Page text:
Accounting for behavioral effects of increases in the carbon dioxide (CO2) tax in revenue estimation in Sweden
In this paper we describe how behavioral responses of carbon dioxide (CO2) tax increases are accounted for in tax revenue estimation in Sweden. The rationale for developing a method for this is a mix between that a CO2 tax is a primary climate policy tool aiming to reduce CO2 emissions and that the CO2 tax generates sizable tax revenues.
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- Brännlund, Runar & Lundgren, Tommy, 2001.
"A Dynamic Analysis of Interfuel Substitution for Swedish Heating Plants,"
Umeå Economic Studies
550, Umeå University, Department of Economics.
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- Martin S. Feldstein, 2008. "Effects of Taxes on Economic Behavior," NBER Working Papers 13745, National Bureau of Economic Research, Inc.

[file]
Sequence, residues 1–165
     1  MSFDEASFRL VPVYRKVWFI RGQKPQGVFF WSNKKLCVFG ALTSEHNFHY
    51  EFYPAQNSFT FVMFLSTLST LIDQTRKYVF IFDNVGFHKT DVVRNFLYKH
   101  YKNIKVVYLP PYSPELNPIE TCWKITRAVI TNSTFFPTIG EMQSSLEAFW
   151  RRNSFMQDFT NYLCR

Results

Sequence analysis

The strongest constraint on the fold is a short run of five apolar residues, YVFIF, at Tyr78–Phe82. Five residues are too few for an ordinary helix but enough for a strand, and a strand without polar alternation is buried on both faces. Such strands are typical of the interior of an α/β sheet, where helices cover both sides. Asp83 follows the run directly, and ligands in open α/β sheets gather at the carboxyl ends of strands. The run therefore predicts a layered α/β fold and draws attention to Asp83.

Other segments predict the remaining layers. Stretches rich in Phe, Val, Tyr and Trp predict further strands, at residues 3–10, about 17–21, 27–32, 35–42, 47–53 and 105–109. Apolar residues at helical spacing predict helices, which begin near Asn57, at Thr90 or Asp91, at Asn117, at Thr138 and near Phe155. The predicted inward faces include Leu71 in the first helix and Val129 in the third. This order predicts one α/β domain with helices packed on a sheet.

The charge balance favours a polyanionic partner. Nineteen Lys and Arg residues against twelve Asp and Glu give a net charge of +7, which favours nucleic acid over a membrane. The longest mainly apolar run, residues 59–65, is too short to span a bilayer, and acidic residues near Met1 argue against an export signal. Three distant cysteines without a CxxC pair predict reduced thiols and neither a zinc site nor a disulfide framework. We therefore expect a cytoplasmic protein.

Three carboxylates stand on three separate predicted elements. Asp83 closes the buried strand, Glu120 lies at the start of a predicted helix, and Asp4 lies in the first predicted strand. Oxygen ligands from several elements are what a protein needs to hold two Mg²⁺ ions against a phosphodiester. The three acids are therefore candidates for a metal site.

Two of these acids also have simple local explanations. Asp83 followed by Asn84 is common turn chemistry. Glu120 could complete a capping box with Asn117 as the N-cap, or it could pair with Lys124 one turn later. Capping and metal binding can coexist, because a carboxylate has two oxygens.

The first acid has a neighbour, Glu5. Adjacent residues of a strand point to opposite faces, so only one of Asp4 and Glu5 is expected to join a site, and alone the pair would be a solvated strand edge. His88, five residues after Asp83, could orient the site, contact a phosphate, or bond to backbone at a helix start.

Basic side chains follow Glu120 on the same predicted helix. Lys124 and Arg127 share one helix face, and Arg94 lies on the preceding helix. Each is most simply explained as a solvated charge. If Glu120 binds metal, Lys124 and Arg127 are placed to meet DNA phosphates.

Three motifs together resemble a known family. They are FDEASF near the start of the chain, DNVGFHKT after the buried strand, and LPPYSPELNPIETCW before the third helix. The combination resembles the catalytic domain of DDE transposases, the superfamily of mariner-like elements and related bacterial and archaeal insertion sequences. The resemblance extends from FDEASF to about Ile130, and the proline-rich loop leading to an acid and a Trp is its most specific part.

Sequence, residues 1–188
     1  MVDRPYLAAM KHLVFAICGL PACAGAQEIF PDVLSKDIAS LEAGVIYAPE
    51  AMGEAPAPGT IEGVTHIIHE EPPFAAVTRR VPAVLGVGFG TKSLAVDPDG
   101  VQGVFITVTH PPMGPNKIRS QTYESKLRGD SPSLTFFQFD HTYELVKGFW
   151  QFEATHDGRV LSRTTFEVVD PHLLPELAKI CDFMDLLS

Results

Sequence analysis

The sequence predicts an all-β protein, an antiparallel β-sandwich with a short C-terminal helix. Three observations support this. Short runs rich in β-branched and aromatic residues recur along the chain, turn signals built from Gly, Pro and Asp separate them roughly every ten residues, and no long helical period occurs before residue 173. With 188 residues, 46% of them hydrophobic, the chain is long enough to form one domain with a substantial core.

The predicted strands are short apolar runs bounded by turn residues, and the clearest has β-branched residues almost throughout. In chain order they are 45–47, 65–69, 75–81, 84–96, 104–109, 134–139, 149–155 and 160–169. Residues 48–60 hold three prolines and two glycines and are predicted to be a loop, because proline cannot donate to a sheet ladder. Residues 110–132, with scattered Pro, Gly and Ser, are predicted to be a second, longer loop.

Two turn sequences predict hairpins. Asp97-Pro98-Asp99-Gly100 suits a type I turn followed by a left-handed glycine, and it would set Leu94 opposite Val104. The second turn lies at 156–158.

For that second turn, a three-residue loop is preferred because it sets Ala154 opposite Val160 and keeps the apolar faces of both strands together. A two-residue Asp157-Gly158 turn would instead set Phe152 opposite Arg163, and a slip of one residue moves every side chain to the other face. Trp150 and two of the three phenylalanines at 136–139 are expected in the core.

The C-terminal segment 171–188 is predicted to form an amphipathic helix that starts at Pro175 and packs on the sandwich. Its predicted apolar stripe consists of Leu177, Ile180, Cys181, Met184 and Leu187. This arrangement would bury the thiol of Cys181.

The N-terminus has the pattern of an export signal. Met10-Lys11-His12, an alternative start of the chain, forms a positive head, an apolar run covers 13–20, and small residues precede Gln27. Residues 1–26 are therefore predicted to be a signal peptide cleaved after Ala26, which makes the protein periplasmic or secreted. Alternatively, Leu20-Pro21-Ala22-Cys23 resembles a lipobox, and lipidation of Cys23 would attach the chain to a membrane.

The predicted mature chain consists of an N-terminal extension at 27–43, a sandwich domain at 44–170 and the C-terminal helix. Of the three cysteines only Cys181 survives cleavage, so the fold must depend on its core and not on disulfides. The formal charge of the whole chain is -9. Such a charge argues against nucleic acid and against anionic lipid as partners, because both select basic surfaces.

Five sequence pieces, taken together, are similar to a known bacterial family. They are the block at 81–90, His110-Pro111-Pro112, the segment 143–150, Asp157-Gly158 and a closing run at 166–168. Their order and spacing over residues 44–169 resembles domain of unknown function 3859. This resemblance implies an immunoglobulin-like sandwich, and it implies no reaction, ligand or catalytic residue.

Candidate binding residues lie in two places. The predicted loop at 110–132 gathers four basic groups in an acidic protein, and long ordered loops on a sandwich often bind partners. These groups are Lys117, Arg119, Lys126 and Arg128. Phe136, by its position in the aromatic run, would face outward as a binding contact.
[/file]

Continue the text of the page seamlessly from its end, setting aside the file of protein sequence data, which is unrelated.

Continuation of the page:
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- Brännlund, Runar & Lundgren, Tommy & Marklund, Per-Olov, 2011. "Environmental Performance and Climate Policy," CERE Working Papers 2011:6, CERE - the Center for Environmental and Resource Economics.
- Daniel J. Graham & Stephen Glaister, 2002. "The Demand for Automobile Fuel: A Survey of Elasticities," Journal of Transport Economics and Policy, London School of Economics and University of Bath, vol. 36(1), pages 1-25, January.
- Feldstein, Martin, 2008. "Effects of Taxes on Economic Behavior," Scholarly Articles 2943922, Harvard University Department of Economics.
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